The wandering wombat

When it is about eight months old an orphan wombat, which would normally be leaving the pouch for gradually longer and longer periods, will begin to explore its new home more and more thoroughly, until there is not a corner of it that it does not know intimately. This intimacy, unfortunately, includes the use of corners, particularly dark ones under beds or inside cupboards or wardrobes, as toilets. Where, in the wild, the young wombat will seek the cover of undergrowth for this purpose, a housebound orphan will find the nearest equivalent. Usually it develops a

Figure 8.1 This young wombat was about 3.5 months old when it was orphaned. Animals orphaned as young as this are extremely difficult to rear, but many do survive if given the correct care. Photo: l Dovey

preference for only one or two suitable latrine areas - suitable to the wombat, that is. They may be less desirable to the owner of the wardrobe or the bed selected by the wombat as its substitute for a bracken clump.

There are several other fundamental habits of the wombat that an orphan will find alternative means of performing when access to its normal environment is not possible. The legs of chairs and tables serve as replacements for roots and tree branches, which are habitually gnawed to keep the ever-growing teeth in trim, while wall corners and door jambs are ideal rubbing posts. Digging is one of the most essential and basic activities in a wombat's life, and even a very young one will practise it. Loamy soil, of the kind found in garden beds, is ideal for a beginner, but it will soon need more challenging stuff. Unfortunately, the average suburban garden rarely contains large upturned trees, old rabbit warrens, steep gullies or other suitable burrow sites. Underneath the house itself is apparently the best available alternative, as many hand-reared wombats choose to dig their first burrow either under their own 'family's' home or

Figure 8.2 A sliding cupboard door is no barrier to a determined wombat.

under that of a neighbour. Even wombats reared on farms or in homes adjacent to bushland seem to prefer the foundations of a building as their first burrow site, and occasionally wild wombats also indulge in this regrettable activity.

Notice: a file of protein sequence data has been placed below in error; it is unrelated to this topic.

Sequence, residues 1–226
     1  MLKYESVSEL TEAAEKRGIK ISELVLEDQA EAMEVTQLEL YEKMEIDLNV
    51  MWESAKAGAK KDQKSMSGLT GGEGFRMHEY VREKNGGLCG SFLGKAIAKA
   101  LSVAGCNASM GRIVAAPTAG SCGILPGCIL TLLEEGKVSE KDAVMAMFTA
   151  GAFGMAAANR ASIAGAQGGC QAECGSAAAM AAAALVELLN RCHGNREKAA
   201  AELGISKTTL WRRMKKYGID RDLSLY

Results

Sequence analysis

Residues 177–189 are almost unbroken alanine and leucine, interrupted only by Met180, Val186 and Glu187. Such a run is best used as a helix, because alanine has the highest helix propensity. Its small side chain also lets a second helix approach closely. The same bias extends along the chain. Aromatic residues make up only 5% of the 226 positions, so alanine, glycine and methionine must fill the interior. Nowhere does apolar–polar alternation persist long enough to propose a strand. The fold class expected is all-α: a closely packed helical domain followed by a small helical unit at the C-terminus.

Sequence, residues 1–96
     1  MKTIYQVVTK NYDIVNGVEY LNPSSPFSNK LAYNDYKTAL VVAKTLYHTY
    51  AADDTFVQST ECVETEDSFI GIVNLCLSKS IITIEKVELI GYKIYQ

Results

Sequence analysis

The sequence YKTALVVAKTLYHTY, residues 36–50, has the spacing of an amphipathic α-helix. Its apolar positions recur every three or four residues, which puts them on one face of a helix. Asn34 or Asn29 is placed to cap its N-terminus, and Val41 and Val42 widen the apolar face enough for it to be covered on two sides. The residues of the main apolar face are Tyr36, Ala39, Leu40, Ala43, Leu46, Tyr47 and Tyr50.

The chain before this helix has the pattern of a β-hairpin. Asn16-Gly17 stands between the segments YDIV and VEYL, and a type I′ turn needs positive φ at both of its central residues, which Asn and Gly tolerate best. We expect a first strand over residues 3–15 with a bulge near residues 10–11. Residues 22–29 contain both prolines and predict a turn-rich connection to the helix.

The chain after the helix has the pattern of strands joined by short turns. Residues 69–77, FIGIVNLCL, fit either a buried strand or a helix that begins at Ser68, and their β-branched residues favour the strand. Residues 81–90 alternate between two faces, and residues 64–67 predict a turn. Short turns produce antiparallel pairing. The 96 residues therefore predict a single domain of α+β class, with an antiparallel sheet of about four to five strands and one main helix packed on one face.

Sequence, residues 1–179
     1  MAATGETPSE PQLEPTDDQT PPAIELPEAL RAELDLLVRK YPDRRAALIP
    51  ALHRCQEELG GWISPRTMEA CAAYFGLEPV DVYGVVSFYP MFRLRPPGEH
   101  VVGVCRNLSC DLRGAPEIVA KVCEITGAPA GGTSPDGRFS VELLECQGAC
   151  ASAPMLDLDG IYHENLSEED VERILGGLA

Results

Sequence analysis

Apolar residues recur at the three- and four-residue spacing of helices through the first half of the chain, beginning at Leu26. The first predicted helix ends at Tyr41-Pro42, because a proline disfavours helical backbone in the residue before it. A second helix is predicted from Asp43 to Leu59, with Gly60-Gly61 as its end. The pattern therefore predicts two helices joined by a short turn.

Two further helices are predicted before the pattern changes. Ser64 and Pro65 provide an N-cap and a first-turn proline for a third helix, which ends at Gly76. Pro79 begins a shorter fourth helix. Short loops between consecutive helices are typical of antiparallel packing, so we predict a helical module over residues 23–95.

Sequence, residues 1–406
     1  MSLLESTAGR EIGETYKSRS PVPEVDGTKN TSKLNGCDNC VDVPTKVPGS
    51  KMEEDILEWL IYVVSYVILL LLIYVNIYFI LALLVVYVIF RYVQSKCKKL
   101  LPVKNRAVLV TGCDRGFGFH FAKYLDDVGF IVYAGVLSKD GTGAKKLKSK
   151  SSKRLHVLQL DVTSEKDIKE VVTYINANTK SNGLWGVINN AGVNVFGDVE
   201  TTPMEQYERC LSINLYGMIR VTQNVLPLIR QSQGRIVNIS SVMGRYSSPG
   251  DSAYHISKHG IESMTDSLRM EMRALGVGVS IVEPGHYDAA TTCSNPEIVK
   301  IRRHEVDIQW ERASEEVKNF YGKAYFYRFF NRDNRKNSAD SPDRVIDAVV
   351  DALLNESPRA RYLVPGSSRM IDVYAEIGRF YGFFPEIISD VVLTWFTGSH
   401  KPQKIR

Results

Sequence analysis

When a wombat, even a very young one, meets an obstruction, it either pushes through it or digs underneath it. In the house, a closed door comes into the category of an obstruction. Where a door will not yield to headbutting tactics, the adjacent floor will be subjected to intensive 'digging'; while a wooden floor may not suffer very much from this onslaught, a carpet is never the same again. Still baulked, the wombat will usually attack the door itself; the scraping, scooping and biting actions used in excavating a burrow are all employed, often with remarkable success (Figure 8.2). This kind of determined attack on a door usually takes place because of another of the young wombat's instincts: its fundamental need to follow and be near its mother at all times. So a young wombat left alone, either in the house or outdoors, will try to reach its human 'parent', and it is quick to learn that doors are the means of ingress or egress, even if they are closed.

A young wombat also learns the law of cause and effect at an early age, and one instance of this is its use of a bite as a method of communication.

When a wombat wants something - food, a romp, or just company - it will bite the nearest human leg. Finding that a nip on the ankle, even a gentle one, gains the human's attention, it is a short step then for the orphan to obtain its particular requirement. Success leads to frequent use of this method of expression; and as the wombat grows, so does the strength of its bite. It also acquires an assortment of signals, in addition to the bite, that are as clear as any verbal language, provided that the human is receptive enough to interpret them.

Another aspect of the wombat's normal way of life that can cause some friction and difficulty in the home is its tendency to be active at night, rather than during the day. At first, when the orphan is small and being fed and attended to frequently, this nocturnal habit is not noticeable, but as it grows it begins to spend more of the daylight hours asleep, saving its energy for the evening and night. Lack of sleep is a chronic condition among wombat fosterers. 'Things that go bump in the night' are nothing in comparison to a wombat looking for entertainment.

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